that's a lie - those chuck klosterman books (shudder) you dropkicked to me made very nice kindling in my fireplace. of course, that last statement is also a lie - i sold them in state college to a used book store. to the eternal shame of the penn state undergraduate population, they were (re)sold within a week.

lauren said...

@paul: the plato details are hazy, though i do recall he coined the phrase "PLATO SMASH!" - and that socrates got the crap kicked out of him prior to the hemlock ("dialect this, mofo!"). i do know that action philosophers! #1 is the only wrestling-themed issue: #2 is 'The "All Sex Special", featuring Ayn Rand, Thomas Jefferson, & Saint Augustine,' and so on.

@jacob: i can give them away, i just can't bargain them away. if you want to read and/or sell, say, my autographed copy of pamela anderson's novel, i will happily inflict that on you as well.

uncle paul said...

Wow. I guess out of those three I would have to pick Jefferson, since at the point when Augustine was presumably good in bed he wasn't yet a philosopher.

jen said...

i contribute to the discussion with a link to my dream bookshelf: http://www.geekologie.com/2008/02/i_really_really_want_bad_books.php

re: lau's **: i agree wholeheartedly - books by the foot are fine for stage and film sets (ahem, having made those very purchases myself), but at home, the fun of the hoard is, in part, my own snobbery: i've actually read all of the books on my shelves. they are like little paperback merit badges, awards for each bite of knowledge i've absorbed. there's a special shelf for the books-to-be-read and reference books that only get dipped into but not fully digested. those books aren't allowed to play with the other books.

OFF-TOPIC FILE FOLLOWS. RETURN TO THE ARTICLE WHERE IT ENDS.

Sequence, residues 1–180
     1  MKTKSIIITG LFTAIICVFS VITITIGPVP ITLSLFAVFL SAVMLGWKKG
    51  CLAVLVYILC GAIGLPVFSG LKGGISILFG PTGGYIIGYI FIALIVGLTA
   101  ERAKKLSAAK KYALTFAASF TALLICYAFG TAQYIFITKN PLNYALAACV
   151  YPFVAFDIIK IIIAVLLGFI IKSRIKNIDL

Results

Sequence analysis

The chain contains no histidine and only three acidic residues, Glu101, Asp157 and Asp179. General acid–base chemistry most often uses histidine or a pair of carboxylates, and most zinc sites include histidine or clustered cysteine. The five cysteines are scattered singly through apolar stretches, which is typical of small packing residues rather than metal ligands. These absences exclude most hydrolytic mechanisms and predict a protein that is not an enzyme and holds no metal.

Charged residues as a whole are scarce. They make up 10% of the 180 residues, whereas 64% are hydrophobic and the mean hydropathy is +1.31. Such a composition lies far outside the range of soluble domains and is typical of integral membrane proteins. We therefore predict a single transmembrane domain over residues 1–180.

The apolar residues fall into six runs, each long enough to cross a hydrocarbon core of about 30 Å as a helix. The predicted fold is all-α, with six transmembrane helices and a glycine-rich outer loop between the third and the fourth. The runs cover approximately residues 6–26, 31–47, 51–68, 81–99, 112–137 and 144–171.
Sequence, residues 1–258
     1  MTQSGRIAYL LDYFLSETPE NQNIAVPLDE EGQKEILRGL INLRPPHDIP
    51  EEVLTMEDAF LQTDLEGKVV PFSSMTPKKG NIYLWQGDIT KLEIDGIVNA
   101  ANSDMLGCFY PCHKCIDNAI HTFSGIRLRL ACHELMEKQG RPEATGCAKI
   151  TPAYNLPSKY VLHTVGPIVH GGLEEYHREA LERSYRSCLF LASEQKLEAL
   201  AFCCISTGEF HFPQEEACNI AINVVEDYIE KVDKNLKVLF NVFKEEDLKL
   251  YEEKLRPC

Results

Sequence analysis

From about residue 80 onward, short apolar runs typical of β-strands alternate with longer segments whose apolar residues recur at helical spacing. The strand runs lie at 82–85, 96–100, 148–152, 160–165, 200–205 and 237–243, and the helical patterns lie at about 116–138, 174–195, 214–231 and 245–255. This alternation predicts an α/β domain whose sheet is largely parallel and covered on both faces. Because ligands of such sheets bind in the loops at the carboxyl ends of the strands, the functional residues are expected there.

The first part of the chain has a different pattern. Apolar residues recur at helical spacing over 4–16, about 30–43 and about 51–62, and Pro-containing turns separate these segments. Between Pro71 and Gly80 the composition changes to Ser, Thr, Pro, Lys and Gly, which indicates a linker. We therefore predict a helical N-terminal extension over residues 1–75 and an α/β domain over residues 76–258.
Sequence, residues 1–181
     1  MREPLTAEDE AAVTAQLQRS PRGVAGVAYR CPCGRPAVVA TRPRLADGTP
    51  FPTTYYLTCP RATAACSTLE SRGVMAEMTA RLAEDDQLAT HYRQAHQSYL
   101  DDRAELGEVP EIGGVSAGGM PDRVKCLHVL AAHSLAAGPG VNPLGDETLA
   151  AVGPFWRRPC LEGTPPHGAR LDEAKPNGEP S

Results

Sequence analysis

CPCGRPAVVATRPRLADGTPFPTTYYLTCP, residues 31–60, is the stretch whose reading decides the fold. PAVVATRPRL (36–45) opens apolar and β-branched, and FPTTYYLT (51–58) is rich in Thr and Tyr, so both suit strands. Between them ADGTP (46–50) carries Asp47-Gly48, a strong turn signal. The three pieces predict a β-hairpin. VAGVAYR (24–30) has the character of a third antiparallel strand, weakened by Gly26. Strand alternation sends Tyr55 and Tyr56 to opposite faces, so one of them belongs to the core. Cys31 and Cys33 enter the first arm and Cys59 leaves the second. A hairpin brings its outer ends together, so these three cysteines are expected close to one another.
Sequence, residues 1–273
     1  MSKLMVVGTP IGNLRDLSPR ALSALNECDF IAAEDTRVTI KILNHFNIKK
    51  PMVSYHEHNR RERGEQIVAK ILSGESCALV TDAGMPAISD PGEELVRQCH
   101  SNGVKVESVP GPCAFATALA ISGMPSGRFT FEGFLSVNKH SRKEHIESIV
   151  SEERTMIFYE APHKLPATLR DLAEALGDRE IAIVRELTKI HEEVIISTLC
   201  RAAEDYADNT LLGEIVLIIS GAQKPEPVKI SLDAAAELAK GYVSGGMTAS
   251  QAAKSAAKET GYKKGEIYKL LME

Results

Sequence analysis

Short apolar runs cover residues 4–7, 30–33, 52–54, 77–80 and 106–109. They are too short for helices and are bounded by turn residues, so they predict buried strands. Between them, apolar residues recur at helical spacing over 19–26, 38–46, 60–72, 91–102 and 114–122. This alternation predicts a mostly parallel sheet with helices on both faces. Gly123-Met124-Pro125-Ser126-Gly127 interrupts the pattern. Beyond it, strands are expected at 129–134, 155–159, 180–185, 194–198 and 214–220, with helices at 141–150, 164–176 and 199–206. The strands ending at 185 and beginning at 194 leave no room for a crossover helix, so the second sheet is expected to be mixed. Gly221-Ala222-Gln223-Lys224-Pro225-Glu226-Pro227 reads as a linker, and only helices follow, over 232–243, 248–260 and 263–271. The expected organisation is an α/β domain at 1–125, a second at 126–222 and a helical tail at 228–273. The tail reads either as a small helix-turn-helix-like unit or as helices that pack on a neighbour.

and that craigslist roommate post HAS to be fake. i've been reading craigslist housing postings a lot lately, tho, and they do scare me.

wabes said...

i may be putting myself in to doghouse for this, but i know at least one booky boy who has a very extensive organized-by-color bookshelf..and he is decidedly not a books-by-the-foot kind of person. i think it has to do more with combining colors and spatial memory than it does with fashion or color coordination -- at least, as a spatial memory/books-by-author organizer, it made some sense to me. and i don't think it's ROYGBIV bookshelf - so it didn't jump out and bite me when i visited last summer. perhaps just a happy medium between not knowing where the books are, and going to the trouble of alphabetizing them? the "gah!" reaction from some people definitely produces a quirky smile, though...might just be for the irony.

tom said...

Concur in part, dissent in part with Jen -- I love the idea of Books By The Foot. Yes, if you are going to spend $400 for books that are all leathery and look nice, you are a moron (or, as noted earlier, a theater production type and certainly not a moron). But somebody completely at random takes eight or ten classics (of which you maybe read two in high school, and three in college) and you pay him $80. And these are things that you would necessarily search out, but somebody just gives them to you and says, "yo, dummy -- read this." That's awesome.

lauren said...


But somebody completely at random takes eight or ten classics (of which you maybe read two in high school, and three in college) and you pay him $80. And these are things that you would necessarily search out, but somebody just gives them to you and says, "yo, dummy -- read this." That's awesome.

actually, that's CIV - which, when we were undergrads, broke down to about $85/hr. coincidence? ;)

i see what you mean about the reading list aspect, but it would be far cheaper to, say, go online, grab one of the zillions of the "100 best books in the universe ever" lists, and then go wild at the library / local used bookstore / alibris.com. there's a bit more grunt work involved, and obviously that's antithetical to the spirit of books by the foot, but it lessens the likelihood of you ending up with classics you hate. if i paid the strand $80 and ended up with a dozen hawthornes and hemingways, for instance, i'd be livid. maybe the middle ground would be to go to a reputable used bookstore, find a kind-looking employee, and ask them to pick x number of classic books for you? people asked that of me when i worked at the The Little SF Bookstore That Could all the time, and i was happy to oblige.

tom said...

actually, that's CIV...

[sound of tea being spurted onto office wall]